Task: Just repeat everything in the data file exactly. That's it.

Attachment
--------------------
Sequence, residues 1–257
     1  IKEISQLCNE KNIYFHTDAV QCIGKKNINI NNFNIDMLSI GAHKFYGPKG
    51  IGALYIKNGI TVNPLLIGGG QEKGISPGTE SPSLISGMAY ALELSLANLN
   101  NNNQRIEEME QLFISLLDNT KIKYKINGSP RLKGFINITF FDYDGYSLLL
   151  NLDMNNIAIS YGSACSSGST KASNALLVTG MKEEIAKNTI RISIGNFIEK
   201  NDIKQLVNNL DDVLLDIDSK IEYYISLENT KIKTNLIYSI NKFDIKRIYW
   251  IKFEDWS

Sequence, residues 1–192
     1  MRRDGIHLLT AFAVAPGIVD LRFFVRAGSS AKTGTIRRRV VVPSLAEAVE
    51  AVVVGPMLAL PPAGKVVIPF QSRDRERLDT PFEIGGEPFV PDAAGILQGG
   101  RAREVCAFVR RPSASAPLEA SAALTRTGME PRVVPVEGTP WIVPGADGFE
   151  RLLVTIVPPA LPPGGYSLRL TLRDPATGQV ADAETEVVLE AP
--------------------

Sequence, residues 1–257
     1  IKEISQLCNE KNIYFHTDAV QCIGKKNINI NNFNIDMLSI GAHKFYGPKG
    51  IGALYIKNGI TVNPLLIGGG QEKGISPGTE SPSLISGMAY ALELSLANLN
   101  NNNQRIEEME QLFISLLDNT KIKYKINGSP RLKGFINITF FDYDGYSLLL
   151  NLDMNNIAIS YGSACSSGST KASNALLVTG MKEEIAKNTI RISIGNFIEK
   201  NDIKQLVNNL DDVLLDIDSK IEYYISLENT KIKTNLIYSI NKFDIKRIYW
   251  IKFEDWS

Sequence, residues 1–192
     1  MRRDGIHLLT AFAVAPGIVD LRFFVRAGSS AKTGTIRRRV VVPSLAEAVE
    51  AVVVGPMLAL PPAGKVVIPF QSRDRERLDT PFEIGGEPFV PDAAGILQGG
   101  RAREVCAFVR RPSASAPLEA SAALTRTGME PRVVPVEGTP WIVPGADGFE
   151  RLLVTIVPPA LPPGGYSLRL TLRDPATGQV ADAETEVVLE AP